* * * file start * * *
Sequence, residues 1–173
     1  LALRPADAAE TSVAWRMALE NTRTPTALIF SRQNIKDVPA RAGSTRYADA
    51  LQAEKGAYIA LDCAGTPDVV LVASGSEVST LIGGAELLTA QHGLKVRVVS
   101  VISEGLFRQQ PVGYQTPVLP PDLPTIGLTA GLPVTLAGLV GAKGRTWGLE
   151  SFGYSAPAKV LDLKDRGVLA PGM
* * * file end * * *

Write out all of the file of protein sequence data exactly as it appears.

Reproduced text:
Sequence, residues 1–173
     1  LALRPADAAE TSVAWRMALE NTRTPTALIF SRQNIKDVPA RAGSTRYADA
    51  LQAEKGAYIA LDCAGTPDVV LVASGSEVST LIGGAELLTA QHGLKVRVVS
   101  VISEGLFRQQ PVGYQTPVLP PDLPTIGLTA GLPVTLAGLV GAKGRTWGLE
   151  SFGYSAPAKV LDLKDRGVLA PGM